What do you say to someone who wants your career in video games?

    This is a hard question for me to answer because despite basically pulling off a career I wanted, I went through several years of pain and suffering! I also don't want to talk down to anyone and be like *look, here's how it really is* because that isn't helpful. There's also a million things I could say. I keep writing and deleting paragraphs. ahg!

    the best bomb in video games is the funky bomb from Scorched Earth


    also the dirt bombs in that game ruled

    @marlfuchs2#17469 what‘s your career in games? I’d like to hear the story if you wanted to continue

    I think Frank won this week thanks to the length he went to acquire that dang video game!

    and the best bomb in videogames is obviously the counter strike bomb.

    Tim not suggesting to listen to Willie Nelson got me to listen to listen to him today, yeah, Willie is pretty good, man.

    willie kicks ass but (apologies for being pedantic) have to disagree that his appearance hasn’t changed


    Can‘t remember anything outside of “drive an hour plus and stand in line for hours” i did for a game. So sorry I don’t have a wild tale there.

    I do want to chime in and second "The Wolf of Snow Hollow" I watched that 2 weeks ago and had a real good time. Its nice hour and a half, doesn't overreach, and is really satisfying? Its from the same actor/writer/director who did THUNDER ROAD.

    Just going to say you can‘t be so sure about loving The Witcher 3 until you get to Novigrad because almost everything that’s really great about the main storyline and pacing is done at that point. Granted it picks up again for the DLCs (of which Hearts of Stone is the truly great one, not Blood and Wine)


    This is an issue where game design interacts with human psychology mostly pretty negatively. Our human brains are bad at handling randomness. What a probability "feels like" is totally divorced from what the numbers are.

    You encounter this in poker a lot even at high levels of play as the numbers create a sense of "entitlement" to a positive end result. If it’s 80% to win a hand, a player will often exclaim after losing that it was "my" money, when in fact their expected value was only 80% of it. It gets weirder as this attitude happens down to a common "coin flip" where any pair (say 22) is a 51/49% favorite over any two over cards (Ace-King being the common example from holdem).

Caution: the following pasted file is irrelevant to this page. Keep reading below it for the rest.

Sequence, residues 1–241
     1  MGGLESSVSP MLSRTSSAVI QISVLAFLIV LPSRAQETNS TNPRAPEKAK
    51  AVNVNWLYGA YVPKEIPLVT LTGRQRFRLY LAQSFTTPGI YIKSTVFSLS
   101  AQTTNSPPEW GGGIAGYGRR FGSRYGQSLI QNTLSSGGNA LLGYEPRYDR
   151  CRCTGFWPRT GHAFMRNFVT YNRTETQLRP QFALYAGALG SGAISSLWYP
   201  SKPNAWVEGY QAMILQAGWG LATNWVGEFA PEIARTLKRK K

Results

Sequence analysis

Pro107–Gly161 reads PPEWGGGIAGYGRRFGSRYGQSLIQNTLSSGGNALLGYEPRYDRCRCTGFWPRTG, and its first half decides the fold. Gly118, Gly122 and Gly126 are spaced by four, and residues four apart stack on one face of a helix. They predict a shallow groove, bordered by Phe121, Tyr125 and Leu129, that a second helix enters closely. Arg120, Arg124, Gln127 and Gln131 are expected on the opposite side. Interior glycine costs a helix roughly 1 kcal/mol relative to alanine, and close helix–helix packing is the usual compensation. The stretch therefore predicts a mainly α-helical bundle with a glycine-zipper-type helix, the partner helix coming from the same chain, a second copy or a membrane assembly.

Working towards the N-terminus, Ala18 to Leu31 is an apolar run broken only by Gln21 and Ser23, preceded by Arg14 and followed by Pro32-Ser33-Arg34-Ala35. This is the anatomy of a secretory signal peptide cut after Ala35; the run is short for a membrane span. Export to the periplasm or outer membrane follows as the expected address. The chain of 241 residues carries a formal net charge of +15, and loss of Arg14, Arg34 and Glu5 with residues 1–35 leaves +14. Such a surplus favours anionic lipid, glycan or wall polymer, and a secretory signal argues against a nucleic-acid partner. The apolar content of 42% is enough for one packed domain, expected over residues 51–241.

What I’m saying, is that randomness in game design is super duper hard.

    I would personally feel offended as a player if I find out that game-stated probabilities are misleading as I remember Brandon suggesting. I'm not hating on Brandon here, just stating a position. Conversely, how you always win on the first slot pull in _Dragon Quest_ totally rules, because I am a man of contradiction and/or hypocrisy. 😝

    @armsofsleep#17497 Totally agree with your the point about Novigrad. I like Blood and Wine better (they‘re both great). Tim, if you’re reading, just play it already!

    not to “disagree” but I thought white orchard was the best part. The more “fantasy” the game got the less engaging I found it. There were other cool sections throughout (bloody baron, the witches, teaching sword fighting to that rich lady, playing gwent), but the early summer twilight, hateful small town under vengeful military occupation atmosphere was the best part for me personally.

    @yeso#17508 ahhhh, White Orachard is the very beginning and we‘re trying to convince Brandon that "it get’s better" :wink:

    sure but based on listening to the podcast, there's no chance in hell that individual plays the Witcher 3



    This is an issue where game design interacts with human psychology mostly pretty negatively. Our human brains are bad at handling randomness. What a probability “feels like” is totally divorced from what the numbers are.

    I think this is the thought behind Fire Emblem's [True Hit system](https://serenesforest.net/general/true-hit/).

    It's not that difficult to get your head around but it seems pretty unnecessary to obscure this data in the first place. I sure felt like an idiot when I'd learned any desperate attempts to hit at a 20% chance weren't even half as likely in reality!

    @antillese#17498 oh buddy; I play Magic: the Gathering, I know all about True Randomness v. Perceived Randomness. i could write you a book on the Arena shuffler system or the London Mulligan.

    that’s why I kind of like a granular 100/75/50/25/0 system for player-facing randomness. humans *do* have *some* sense of what those would mean. 75 means i'm pretty clear to hit but nothing is guaranteed, 50 is risky coinflip, 25 is a long shot but maybe i'll take it in some scenarios, etc.

    it reduces the feelbad moment of an 85%-to-hit miss, solely by working with human perception instead of against it. 75% isn’t a much less than 85% mathematically, but it feels very much so psychologically. I think there's space to work with perceived randomness rather than against it, even if you're committed to being honest about the math.

    Our preservation king Frank won this week. No contest, sorry!

    I don‘t like the same person winning twice in a row, but all of the stories I can immediately recall after two days since listening to the podcast are Frank’s. So I guess he wins.